Petrobras Earnings Jump on Oil Rally and Brazil Water Crisis

(Bloomberg) — Brazil’s state-controlled oil company saw its earnings surge in the second quarter, thanks to a rally in crude prices and a hydropower crunch in Brazil that boosted electricity demand.

Since late last year, Petrobras has sold more fuel oil domestically and increased output at its own thermal power plants, part of a wider policy in Brazil to conserve water levels at hydroelectric dams and avert power outages. Though the power division at Petroleo Brasileiro SA, as the company is formally known, represents a fraction of overall revenue, it was a standout. Electricity generation more than tripled in the second quarter from a year ago.

Petrobras also got a boost from this year’s oil-price rebound, which has delivered robust earnings to energy giants, many of which are printing as much profit as before the pandemic. As a result, many of Petrobras’s U.S. and European peers have been using the cash to boost dividends and slash debt. It’s a stunning turnaround for an industry that was on the ropes a year ago amid a pandemic-induced price crash.

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Petrobras reported 42.86 billion reais ($8.3 billion) of net income, up from 1.17 billion in the first quarter and compared with a loss of 2.7 billion reais in the second quarter of last year, at the height of the Covid crisis.

The strong results will allow the company to bring forward shareholder payouts of 31.6 billion reais for this year, about three times the average that was distributed in the past three years. Its American depositary receipts surged as much as 16% in after hours trading.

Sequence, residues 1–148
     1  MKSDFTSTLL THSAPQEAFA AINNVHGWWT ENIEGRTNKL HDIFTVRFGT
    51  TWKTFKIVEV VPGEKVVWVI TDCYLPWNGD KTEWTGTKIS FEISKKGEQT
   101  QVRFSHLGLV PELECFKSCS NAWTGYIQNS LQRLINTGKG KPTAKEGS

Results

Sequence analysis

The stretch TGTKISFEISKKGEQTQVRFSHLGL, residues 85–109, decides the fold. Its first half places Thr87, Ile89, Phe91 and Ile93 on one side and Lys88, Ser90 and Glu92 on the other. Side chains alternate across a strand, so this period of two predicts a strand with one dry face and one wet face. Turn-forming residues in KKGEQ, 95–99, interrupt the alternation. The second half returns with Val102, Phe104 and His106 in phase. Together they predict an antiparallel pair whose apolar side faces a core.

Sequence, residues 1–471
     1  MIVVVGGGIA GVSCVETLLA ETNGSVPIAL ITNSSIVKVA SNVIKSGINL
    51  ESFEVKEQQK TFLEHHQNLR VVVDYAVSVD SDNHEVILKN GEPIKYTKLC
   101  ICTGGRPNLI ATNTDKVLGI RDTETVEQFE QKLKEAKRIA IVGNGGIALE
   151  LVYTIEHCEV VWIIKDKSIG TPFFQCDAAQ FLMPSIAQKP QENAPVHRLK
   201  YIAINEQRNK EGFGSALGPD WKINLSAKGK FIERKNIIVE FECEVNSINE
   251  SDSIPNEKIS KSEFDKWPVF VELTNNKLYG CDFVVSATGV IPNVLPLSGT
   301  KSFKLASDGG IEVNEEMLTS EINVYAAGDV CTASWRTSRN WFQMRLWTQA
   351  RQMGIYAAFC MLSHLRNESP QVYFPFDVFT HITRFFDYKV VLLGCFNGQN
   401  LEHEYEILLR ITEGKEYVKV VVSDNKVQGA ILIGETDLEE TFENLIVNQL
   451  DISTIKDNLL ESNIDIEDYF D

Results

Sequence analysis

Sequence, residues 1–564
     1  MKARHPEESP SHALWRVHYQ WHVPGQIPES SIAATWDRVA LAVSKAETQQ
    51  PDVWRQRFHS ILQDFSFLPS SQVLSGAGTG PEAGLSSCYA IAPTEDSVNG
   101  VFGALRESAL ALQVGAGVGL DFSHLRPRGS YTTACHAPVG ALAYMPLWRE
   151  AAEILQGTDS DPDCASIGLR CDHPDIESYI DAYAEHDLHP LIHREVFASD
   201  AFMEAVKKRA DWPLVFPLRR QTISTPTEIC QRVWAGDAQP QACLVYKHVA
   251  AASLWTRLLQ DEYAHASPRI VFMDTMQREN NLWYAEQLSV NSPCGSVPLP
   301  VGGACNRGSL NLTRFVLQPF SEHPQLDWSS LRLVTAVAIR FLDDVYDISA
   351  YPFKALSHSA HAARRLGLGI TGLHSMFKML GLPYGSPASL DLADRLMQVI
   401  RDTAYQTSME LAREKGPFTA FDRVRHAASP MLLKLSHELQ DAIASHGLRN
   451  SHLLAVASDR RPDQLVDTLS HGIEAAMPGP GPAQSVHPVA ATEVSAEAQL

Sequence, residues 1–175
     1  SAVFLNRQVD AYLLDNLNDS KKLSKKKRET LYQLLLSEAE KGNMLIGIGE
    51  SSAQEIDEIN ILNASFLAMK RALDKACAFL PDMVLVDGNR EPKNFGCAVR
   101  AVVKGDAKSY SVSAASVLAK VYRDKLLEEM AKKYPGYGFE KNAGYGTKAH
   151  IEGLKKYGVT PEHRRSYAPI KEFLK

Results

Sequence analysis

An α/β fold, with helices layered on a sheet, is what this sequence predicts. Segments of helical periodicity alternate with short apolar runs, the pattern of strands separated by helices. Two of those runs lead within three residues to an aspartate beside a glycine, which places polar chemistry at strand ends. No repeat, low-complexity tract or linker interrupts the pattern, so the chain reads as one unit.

“Considering our prospects for earnings and for cash flow generation in 2021, we approved the anticipated distribution of dividends,” Chief Financial Officer Rodrigo Araujo said in a recorded video for investors.

Output from the so-called pre-salt region that holds Petrobras’s largest and most profitable discoveries continues to expand. A 180,000-barrel-a-day production vessel is expected to start this month and gradually ramp up at the Sepia field. This and other new units allow Petrobras to continue boosting output at ultra-deep fields, and compensate for production it has lost due to asset sales and natural declines at legacy fields.

Petrobras continued to slash what was once the biggest debt load of any publicly traded oil company, which stood at $63.7 billion at the end of the second quarter. The company has vowed to increase dividend payments when it brings total debt below $60 billion, a target it is on pace to reach before the end of this year, Araujo said. The ongoing divestment program has helped Petrobras trim debt. It has raised $2.8 billion from selling assets for the year through Aug. 3.

It was the first quarter under the management of Chief Executive Officer Joaquim Silva e Luna, a former general who took over in April following a row between President Jair Bolsonaro and the previous CEO about rising diesel prices. Luna has pledged to avoid fuel subsidies and continue with Petrobras’s current business plan, which calls for divesting assets including refineries to focus on its most profitable projects in the pre-salt.

“We continue to work hard, supported by decisions that are absolutely technical, and evolving and becoming stronger,” Luna said in the earnings report.

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Investors are waiting to see how strongly Luna will defend Petrobras from political intervention. The company recently denied a claim from Bolsonaro that it had earmarked 3 billion reais to subsidize cooking gas for families in need.

(Adds last year’s loss in fourth paragraph)

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